The FBCCI in May 2008 commissioned a task force comprising top traders, ministry officials concerned, and members of the joint forces to monitor the price situation.10 The task force was supposed to collect information on (p.244) the prices, demand and supply, stock and market trends of essentials, and to come up with a set of recommendations to contain the prices. The task force was supposed to meet once every fifteen days and three major chambers—Chittagong, Khulna, and Jessore—would provide daily information for its cell. A website on the task force was also supposed to be lauched. Complaining against the government’s anti-hoarding drive, the FBBCI also demanded a food and hoarding policy, changes to the present food procurement policy, and immediate measures to create a better business climate.
A newspaper report in July 2008, however, mentioned that the FBCCI price monitoring task force was yet to gather pace two months after its launch in May.11 It thus appears that, though a few top leaders of FBCCI were eager to set up the price monitoring task force, they didn’t receive any support from the larger business community.
In September 2008, the FBCCI president urged business people to keep prices of basic commodities within people’s reach by not making unreasonable profits during the month of Ramadan.12 He urged the wholesalers to give vouchers to the retailers for transparency in pricing of the commodities. However, in reality, there was no authority to monitor whether this was practised by the traders.
FBCCI formed a ten-member committee to investigate the sugar scam in October 2009 and recommended possible ways to control the prices of sugar and other essentials.13 Meanwhile, backtracking from its earlier stand to arrest the unscrupulous sugar traders, who manipulated the sugar price during the month of Ramadan, the government in September 2009 decided to form two separate committees to conduct an ‘extensive investigation’ into the sugar price spiral.14 The committees submitted the reports, though the reports were never made public and there were no effective actions against those unscrupulous sugar traders.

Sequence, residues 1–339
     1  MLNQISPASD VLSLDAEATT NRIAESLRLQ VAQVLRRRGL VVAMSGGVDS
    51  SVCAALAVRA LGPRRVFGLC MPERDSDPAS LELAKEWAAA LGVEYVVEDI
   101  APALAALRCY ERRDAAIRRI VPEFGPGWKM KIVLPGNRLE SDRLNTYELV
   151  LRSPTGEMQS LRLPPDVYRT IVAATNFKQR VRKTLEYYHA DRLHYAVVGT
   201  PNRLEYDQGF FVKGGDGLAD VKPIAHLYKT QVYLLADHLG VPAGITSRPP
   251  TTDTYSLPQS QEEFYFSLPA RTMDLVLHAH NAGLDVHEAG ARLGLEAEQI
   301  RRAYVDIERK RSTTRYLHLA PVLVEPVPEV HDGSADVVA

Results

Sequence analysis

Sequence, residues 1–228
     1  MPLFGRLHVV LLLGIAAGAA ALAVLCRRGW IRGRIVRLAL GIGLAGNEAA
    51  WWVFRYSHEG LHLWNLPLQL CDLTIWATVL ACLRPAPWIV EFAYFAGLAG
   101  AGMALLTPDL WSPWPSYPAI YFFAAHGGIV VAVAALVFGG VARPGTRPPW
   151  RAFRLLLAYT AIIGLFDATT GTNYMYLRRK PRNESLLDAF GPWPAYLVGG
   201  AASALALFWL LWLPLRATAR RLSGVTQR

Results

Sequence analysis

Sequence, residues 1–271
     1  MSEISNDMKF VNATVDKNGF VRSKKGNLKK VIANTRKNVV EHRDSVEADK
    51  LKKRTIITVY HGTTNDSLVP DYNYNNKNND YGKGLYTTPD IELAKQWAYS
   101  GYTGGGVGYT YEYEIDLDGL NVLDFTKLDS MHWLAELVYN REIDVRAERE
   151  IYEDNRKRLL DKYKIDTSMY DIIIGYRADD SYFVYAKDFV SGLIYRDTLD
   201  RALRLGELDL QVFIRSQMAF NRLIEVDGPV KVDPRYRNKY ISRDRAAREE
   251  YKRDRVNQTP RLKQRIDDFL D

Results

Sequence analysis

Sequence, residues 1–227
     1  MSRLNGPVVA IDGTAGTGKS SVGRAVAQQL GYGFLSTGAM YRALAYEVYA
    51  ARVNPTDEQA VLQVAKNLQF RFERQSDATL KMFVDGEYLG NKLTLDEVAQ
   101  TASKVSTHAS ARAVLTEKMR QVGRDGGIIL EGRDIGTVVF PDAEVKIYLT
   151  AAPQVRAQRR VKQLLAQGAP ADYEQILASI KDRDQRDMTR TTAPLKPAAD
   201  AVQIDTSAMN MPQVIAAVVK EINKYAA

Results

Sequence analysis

In August 2010, the FBCCI urged the government to make a commodity price control policy to tackle irrational price spirals in the market.15 The policy should deal with the issues that affect prices and should define clear strategies and (p.245) guidelines on the pricing of commodities at various levels of commodity supply chains. FBCCI called for continued action from the government in its drive to check food adulteration, deploring the misdeeds of an unscrupulous section of the business people, who tarnish the image of the whole business community. The FBCCI president suggested that the inconsistencies in supply chain could be removed by adopting appropriate measures, including guidelines for tackling the issues affecting commodity pricing, not only during Ramadan but all the year round. The FBCCI chief also called for the abandonment of the demand order (DO) system for sugar and edible oils and replacing it with appointment of dealers, claiming that the latter would better address the price spirals evident in the market. Underpinning the need for using the latest information technology systems to track commodity prices, the FBCCI president mentioned that the prices of all commodities at all levels of the supply chain should be put on the website. He also mentioned that FBCCI would recommend the wholesalers to write out sales slips or receipts for each transaction they would make and ask retailers to display the price lists of the commodities to ensure transparency. The FBCCI, however, noted that a section of the business community and traders were still trying to manipulate prices through their attempts to create an artificial crisis of commodities. However, most of the suggestions of the FBCCI president did not materialize. Only the DO system for sugar and edible oil trade was replaced by the dealership system in October 2010.
11.5.3 Other Institutions
By 19 March 2007, the BDR16 set up ‘free markets’ at seventeen places in the capital, as a part of the government’s efforts to stabilize the soaring prices of essentials.17 These ‘free markets’ sold essential commodities at fair prices to help the lower- and middle-income groups facing hardships due to price spiralling. By 23 March, there were another eight ‘free markets’.18 The products sold at the BDR ‘free markets’ were cheaper than those at the regular markets since BDR could charge very low retail margins. However, such operations were limited in terms of scale and thus had little effect in curbing the market prices.
The government also continued with the OMS. This was part of the government’s subsidized food distribution programmes. According to the newspaper article, in Chittagong there was a huge demand for the OMS on the first day with huge crowds thronging from early morning. However, many consumers returned home empty handed as the stalls ran out of rice stocks very quickly.19